How are voltage surges and spikes different?

If more voltage is introduced than an electrical appliance is designed to handle, this is called a power surge or transient voltage. Any such voltage increase that lasts at least three nanoseconds is considered a surge. If the increase is only present for one or two nanosecond, that's called a power spike. Just like if having much more water in a hose than it can handle, having too strong a power surge can damage your electric appliance. The greater voltage that runs along the electric wires causes great heat that can burn up the wire. Even if the wire doesn't get burned up in a single power surge, the surge can damage the wire. So repeated occurrences of power surges can accumulate enough damage to the wires that the appliance eventually burns out.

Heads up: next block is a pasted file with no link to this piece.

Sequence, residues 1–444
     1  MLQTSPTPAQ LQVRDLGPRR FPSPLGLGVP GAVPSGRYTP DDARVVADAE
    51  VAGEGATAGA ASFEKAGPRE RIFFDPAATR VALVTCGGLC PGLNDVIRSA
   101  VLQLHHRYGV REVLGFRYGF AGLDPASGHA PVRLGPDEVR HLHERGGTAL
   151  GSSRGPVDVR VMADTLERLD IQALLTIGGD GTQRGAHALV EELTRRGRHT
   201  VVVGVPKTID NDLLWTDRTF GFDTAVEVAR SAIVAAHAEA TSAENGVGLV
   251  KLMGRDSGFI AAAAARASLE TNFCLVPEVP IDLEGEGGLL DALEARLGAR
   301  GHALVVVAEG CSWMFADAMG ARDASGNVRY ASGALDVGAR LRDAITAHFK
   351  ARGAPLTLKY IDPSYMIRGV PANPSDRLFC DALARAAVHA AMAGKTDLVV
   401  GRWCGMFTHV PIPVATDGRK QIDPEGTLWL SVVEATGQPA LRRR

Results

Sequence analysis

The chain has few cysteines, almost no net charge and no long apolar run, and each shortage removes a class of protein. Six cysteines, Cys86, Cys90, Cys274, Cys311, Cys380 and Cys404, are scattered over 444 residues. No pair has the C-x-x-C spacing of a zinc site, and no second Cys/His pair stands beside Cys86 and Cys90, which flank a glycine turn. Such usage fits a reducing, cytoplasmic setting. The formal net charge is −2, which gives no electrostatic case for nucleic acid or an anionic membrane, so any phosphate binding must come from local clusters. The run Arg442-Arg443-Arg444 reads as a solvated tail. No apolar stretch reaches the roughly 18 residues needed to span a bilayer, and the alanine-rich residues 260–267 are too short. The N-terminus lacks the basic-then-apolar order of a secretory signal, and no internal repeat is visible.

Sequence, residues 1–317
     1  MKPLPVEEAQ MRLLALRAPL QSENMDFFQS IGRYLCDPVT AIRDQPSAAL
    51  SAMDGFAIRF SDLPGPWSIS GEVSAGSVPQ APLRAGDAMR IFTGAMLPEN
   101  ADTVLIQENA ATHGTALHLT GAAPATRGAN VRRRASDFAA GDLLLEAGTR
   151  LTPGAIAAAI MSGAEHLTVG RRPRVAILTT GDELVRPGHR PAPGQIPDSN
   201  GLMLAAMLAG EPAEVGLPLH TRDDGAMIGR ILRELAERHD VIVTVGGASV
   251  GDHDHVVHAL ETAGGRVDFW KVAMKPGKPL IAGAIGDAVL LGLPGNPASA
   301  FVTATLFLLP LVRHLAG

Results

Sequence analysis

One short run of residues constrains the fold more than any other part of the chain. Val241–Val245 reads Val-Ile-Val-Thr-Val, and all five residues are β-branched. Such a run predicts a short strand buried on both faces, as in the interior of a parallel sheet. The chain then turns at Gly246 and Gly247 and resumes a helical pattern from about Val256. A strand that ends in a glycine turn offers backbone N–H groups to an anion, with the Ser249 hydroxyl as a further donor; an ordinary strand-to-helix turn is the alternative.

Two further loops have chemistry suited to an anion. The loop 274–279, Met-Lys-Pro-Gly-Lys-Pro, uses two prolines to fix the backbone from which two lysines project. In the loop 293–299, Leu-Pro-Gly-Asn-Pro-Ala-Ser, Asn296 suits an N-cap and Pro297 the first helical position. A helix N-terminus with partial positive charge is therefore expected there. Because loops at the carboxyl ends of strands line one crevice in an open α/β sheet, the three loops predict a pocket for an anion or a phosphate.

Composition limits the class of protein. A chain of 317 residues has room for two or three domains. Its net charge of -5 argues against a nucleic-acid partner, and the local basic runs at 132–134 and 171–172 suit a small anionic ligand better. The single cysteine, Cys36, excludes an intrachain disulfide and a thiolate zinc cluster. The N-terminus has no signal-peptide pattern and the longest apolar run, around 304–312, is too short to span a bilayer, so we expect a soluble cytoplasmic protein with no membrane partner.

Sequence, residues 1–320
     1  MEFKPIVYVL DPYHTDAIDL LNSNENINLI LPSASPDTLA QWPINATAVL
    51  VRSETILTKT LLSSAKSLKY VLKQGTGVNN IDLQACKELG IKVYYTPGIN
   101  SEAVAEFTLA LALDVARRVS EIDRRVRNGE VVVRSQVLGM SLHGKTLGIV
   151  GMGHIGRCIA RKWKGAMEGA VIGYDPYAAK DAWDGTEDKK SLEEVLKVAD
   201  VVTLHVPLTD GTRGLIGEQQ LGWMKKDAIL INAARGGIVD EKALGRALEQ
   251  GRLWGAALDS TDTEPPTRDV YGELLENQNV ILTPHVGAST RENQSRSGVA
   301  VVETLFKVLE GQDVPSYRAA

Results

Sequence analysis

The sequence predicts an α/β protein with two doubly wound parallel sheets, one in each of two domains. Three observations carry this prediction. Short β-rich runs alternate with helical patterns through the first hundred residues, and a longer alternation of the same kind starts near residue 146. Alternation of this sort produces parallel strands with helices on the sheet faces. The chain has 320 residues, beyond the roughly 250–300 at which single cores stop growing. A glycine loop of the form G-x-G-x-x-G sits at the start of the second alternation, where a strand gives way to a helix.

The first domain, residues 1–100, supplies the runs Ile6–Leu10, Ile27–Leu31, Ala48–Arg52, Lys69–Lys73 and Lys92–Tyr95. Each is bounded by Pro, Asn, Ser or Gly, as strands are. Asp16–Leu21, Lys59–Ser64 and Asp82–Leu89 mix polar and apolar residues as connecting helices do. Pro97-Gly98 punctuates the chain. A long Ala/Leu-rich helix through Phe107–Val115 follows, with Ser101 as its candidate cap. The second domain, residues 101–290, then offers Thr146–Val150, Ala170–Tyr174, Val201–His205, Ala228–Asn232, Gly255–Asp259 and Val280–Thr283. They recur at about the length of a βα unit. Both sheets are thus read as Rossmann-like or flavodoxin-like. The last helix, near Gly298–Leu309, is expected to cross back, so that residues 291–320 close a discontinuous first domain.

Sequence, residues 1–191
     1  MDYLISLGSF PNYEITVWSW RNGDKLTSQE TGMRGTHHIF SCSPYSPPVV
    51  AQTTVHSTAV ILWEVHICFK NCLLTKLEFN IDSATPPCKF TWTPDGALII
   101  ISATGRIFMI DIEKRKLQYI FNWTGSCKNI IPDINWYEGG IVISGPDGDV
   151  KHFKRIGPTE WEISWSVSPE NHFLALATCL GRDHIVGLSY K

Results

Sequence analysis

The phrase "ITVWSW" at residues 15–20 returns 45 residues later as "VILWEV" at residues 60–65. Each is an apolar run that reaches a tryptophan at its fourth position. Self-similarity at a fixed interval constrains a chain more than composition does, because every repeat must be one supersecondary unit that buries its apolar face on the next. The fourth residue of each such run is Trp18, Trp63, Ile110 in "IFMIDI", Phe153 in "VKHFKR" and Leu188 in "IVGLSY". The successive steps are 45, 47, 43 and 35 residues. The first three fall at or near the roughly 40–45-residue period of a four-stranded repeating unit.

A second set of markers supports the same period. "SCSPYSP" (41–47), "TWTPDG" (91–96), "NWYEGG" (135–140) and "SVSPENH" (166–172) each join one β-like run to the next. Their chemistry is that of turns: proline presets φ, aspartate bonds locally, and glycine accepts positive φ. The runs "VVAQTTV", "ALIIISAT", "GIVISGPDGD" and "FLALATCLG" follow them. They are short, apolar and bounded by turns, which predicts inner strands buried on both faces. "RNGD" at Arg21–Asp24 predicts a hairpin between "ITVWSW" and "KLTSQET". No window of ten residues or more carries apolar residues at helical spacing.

The good news is that you can buy surge protectors to keep your electric appliances from frying if a power surge occurs. These power strips do more than just let you increase the number of outlets by plugging them into a single wall outlet. Whether the increased voltage can be classified as a surge or a spike, the surge protector uses its metal oxide varistor (MOV) to channel the extra voltage to the outlet's grounding wire. The MOV has three parts: a piece of metal oxide, and two semiconductors. The metal oxide is connected to each of the semiconductors. One semiconductor is connected to the grounding wire and the other one is connected to the power line. The MOV does nothing if the voltage is correct, but it is able to divert only the extra voltage during a power surge to the grounding line, making sure that the right voltage is still flowing to the appliance. This design ensures that your appliance can still operate, even during a power surge or spike.